While in general, technological changes, global market turmoil, the geopolitical environment and government policies tend to impact businesses, in India, businessmen with political patronage borrow with no intention to pay back. They divert funds for their personal use. Defaulters like Kingfisher, Bhushan Steel and many other well known companies piled up huge bad loans in this way.
To tackle the rampant malpractice, the government came out with a bankruptcy law to strengthen the corporate sector and weed out inefficient and defaulting companies from the system. The Insolvency and Bankruptcy Code (IBC) aimed to consolidate the existing framework by creating a single law that gives an exit route to defaulting companies and individuals who are unable to repay their outstanding debt. The law was further amended in 2019, further streamlining it.
Major corporate debtors like Bhushan Steel, Essar Steel, Electro Steel, Jyoti Structures, Lanco Infrastructure, Era Infratech, Jaypee Infratech, Alok Industries, Bhushan Power & Steel, Monnet Ispat, ABG Shipyard, Amtech Auto and Videocon have been referred to IBC. A few of them have partially recovered NPAs. But again, a majority of them are using delaying tactics.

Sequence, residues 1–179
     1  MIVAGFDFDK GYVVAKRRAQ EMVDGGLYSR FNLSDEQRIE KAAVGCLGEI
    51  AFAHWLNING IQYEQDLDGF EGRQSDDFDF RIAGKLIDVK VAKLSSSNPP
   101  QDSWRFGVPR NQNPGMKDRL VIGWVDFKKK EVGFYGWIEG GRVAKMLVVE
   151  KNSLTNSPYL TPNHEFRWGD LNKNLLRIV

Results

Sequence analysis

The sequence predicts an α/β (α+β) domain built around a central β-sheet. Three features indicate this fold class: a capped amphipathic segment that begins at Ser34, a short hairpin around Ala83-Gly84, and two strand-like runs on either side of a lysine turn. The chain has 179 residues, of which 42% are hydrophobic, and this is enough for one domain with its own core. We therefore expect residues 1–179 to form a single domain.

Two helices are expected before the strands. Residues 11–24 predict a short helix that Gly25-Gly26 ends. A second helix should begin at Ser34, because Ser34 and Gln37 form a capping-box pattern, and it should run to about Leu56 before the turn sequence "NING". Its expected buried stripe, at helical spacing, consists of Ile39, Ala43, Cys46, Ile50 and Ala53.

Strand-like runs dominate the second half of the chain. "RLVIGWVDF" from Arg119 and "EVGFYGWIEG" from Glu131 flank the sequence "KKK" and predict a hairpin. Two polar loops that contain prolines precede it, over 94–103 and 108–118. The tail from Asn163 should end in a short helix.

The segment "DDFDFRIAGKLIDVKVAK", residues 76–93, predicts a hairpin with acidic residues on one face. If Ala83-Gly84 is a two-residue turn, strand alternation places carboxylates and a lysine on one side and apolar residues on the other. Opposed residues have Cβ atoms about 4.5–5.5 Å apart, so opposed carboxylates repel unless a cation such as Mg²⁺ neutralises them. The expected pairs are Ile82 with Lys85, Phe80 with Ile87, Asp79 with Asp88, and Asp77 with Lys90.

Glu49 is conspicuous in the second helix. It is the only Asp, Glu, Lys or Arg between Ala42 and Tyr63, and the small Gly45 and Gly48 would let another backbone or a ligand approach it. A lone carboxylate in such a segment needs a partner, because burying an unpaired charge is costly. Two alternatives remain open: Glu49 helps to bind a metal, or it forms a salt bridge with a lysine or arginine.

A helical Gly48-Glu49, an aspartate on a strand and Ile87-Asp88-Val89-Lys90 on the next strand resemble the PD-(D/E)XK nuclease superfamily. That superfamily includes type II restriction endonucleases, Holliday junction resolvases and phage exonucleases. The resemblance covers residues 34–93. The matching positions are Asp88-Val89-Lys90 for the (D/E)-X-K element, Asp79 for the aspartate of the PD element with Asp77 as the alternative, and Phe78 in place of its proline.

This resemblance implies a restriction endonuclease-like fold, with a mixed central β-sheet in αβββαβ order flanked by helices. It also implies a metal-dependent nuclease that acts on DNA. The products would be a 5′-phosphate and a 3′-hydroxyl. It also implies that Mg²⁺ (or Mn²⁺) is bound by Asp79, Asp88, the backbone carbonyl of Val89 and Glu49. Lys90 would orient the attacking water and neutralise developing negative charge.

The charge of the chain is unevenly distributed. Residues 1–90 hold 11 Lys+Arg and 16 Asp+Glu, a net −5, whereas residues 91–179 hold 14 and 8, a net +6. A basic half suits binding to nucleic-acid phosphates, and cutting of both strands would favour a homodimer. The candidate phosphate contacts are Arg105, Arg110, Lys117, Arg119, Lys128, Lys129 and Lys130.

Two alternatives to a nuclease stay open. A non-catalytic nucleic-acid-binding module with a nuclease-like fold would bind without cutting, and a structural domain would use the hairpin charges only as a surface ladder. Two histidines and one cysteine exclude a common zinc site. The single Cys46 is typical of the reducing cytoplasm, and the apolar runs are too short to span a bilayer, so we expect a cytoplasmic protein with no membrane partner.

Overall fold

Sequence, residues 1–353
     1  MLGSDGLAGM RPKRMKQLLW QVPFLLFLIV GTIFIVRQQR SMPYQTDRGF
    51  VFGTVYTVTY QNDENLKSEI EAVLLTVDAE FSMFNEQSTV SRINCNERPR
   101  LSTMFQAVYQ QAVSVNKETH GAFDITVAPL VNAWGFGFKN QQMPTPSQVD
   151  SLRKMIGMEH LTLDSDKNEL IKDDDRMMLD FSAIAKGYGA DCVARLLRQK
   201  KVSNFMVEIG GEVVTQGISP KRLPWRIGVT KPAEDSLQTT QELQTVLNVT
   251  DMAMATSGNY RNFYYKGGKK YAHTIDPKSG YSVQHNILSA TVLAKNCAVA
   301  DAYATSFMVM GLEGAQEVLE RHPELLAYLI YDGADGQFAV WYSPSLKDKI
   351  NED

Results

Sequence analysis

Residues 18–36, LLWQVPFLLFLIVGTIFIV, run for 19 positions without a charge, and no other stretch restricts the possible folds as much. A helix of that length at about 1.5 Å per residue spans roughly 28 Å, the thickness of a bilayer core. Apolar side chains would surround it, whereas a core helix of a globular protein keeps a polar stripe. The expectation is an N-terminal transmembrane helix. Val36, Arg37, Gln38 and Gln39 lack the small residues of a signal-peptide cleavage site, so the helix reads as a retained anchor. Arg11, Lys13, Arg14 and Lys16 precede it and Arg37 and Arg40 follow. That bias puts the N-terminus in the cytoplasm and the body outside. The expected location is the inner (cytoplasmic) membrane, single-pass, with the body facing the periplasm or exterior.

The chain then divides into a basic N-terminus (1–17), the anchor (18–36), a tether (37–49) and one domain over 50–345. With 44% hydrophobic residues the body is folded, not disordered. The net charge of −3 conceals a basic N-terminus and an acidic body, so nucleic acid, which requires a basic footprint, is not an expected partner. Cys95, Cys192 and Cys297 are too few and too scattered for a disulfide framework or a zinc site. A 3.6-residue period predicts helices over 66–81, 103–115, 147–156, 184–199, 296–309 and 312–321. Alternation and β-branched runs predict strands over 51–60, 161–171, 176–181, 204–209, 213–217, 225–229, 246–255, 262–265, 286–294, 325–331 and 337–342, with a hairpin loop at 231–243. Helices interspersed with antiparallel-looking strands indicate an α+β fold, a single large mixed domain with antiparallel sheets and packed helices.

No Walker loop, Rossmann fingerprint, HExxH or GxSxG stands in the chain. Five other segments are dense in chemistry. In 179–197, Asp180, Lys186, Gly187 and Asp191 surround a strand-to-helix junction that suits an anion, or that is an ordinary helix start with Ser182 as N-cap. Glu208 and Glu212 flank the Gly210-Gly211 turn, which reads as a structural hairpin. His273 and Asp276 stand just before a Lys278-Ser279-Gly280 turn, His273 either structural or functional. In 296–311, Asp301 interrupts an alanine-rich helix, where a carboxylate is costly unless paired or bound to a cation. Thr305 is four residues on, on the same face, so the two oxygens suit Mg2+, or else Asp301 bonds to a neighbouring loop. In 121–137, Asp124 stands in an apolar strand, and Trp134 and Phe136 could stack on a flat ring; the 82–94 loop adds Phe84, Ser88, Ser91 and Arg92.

In its report, ‘Banking Sector in India – Issues, Challenges and the Way Forward’, the Parliamentary Standing Committee on Finance chaired by former cabinet minister M Veerappa Moily observed that high volumes of NPAs have eroded the capital base of banks and restricted their ability to lend. The problem of high loan write-offs and NPAs, combined with low asset growth, is more severe for public sector banks than private banks.
RBI’s minimum Capital to Risk-weighted Assets Ratio (CRAR) – a ratio of a bank’s capital to its risk taking capacity - at 9 per cent, is on the higher side. It is one per cent higher than the globally required CRAR under the Basel III norms that govern global banking. The norms are applicable to all PSBs, even though nine of them do not operate internationally.